Additionally, there are also informal criteria one can use in order to determine syntactic categories. For example, one informal means of determining if an item is lexical, as opposed to functional, is to see if it is left behind in "telegraphic speech" (that is, the way a telegram would be written; e.g., Pants fire. Bring water, need help.)
Lexical categories vs. phrasal categories
The traditional parts of speech are lexical categories, in one meaning of that term. Traditional grammars tend to acknowledge approximately eight to twelve lexical categories, e.g.
The lexical categories that a given grammar assumes will likely vary from this list. Certainly numerous subcategories can be acknowledged. For instance, one can view pronouns as a subtype of noun, and verbs can be divided into finite verbs and non-finite verbs (e.g. gerund, infinitive, participle, etc.). The central lexical categories give rise to corresponding phrasal categories:
In terms of phrase structure rules, phrasal categories can occur to the left of the arrow while lexical categories cannot, e.g. NP → D N. Traditionally, a phrasal category should consist of two or more words, although conventions vary in this area. X-bar theory, for instance, often sees individual words corresponding to phrasal categories. Phrasal categories are illustrated with the following trees:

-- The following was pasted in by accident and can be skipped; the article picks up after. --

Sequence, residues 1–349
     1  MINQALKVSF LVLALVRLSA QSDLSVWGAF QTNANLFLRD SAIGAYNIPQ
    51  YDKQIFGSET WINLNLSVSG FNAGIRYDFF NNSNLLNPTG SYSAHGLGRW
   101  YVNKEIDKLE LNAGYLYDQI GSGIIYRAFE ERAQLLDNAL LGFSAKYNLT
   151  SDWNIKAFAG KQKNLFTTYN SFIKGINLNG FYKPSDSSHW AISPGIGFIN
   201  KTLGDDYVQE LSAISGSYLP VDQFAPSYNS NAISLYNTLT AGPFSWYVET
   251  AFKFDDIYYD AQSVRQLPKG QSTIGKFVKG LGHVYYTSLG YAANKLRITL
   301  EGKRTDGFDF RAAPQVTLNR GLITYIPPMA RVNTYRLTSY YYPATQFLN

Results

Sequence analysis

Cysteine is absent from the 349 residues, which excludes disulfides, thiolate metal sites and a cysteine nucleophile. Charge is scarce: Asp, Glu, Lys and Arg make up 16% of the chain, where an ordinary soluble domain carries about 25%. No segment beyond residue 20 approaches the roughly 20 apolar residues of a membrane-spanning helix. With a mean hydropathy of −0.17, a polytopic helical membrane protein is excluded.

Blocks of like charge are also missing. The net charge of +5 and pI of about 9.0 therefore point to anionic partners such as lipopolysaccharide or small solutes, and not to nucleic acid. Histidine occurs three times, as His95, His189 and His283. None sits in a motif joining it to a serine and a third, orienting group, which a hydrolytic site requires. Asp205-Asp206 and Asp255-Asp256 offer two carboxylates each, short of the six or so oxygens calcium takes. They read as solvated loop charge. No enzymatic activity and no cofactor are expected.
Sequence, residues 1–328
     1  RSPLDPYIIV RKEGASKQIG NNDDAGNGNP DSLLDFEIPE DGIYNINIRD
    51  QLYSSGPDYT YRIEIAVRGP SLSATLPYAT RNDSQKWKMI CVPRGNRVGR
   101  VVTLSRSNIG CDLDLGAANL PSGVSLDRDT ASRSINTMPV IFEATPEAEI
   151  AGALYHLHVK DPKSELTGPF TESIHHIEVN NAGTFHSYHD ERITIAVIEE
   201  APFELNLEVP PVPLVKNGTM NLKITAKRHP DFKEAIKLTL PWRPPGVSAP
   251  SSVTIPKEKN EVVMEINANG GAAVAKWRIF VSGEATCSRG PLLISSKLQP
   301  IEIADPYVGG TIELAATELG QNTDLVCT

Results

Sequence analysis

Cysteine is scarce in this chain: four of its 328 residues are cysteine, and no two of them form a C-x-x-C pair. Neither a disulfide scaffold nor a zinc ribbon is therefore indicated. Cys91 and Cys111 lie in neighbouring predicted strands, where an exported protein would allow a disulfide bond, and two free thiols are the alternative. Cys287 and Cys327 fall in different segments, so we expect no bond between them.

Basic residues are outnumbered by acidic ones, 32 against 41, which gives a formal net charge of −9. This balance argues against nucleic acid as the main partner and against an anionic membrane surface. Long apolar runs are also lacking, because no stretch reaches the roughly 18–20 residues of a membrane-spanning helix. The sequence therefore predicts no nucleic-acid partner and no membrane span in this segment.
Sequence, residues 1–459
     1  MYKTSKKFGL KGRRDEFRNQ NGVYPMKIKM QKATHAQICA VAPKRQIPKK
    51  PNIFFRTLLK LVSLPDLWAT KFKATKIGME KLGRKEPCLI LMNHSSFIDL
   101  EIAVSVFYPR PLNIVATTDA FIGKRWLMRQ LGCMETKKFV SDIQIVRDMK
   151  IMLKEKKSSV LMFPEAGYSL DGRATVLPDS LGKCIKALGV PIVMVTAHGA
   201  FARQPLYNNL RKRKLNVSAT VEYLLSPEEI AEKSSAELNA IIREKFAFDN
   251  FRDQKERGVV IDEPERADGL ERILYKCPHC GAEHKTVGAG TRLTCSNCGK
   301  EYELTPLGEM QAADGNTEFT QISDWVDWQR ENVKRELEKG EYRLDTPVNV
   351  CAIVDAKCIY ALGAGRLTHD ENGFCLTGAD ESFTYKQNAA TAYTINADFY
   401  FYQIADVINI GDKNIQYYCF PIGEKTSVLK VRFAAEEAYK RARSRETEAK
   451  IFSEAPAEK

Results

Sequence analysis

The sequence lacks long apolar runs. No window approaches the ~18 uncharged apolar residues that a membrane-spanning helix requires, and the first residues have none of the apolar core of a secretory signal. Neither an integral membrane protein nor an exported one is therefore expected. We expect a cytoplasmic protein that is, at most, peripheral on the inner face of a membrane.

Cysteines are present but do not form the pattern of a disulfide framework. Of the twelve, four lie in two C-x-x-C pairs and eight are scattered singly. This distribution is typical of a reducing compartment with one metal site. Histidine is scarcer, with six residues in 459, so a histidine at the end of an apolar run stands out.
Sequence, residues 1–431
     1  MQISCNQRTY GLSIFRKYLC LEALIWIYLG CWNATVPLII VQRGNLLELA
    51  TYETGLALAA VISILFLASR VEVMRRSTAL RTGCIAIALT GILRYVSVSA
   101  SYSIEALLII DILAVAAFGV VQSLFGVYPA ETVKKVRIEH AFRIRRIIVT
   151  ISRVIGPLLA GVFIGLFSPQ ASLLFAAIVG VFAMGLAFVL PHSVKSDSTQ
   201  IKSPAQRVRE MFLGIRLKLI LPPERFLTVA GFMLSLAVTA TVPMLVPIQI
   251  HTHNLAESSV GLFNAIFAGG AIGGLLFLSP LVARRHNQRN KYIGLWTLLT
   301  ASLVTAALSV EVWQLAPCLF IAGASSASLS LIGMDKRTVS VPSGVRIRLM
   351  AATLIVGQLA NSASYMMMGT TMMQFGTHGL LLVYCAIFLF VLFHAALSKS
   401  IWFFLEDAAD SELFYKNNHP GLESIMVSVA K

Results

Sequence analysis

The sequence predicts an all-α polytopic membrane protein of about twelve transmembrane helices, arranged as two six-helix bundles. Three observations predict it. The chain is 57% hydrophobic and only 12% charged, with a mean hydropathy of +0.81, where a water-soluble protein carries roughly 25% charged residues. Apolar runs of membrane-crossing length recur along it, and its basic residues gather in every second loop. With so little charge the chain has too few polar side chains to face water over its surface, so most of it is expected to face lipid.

The lexical and phrasal categories are identified according to the node labels, phrasal categories receiving the "P" designation.
Lexical categories only
Dependency grammars do not acknowledge phrasal categories in the way that phrase structure grammars do. What this means is that the distinction between lexical and phrasal categories disappears, the result being that only lexical categories are acknowledged. The tree representations are simpler because the number of nodes and categories is reduced, e.g.
The distinction between lexical and phrasal categories is absent here. The number of nodes is reduced by removing all nodes marked with "P". Note, however, that phrases can still be acknowledged insofar as any subtree that contains two or more words will qualify as a phrase.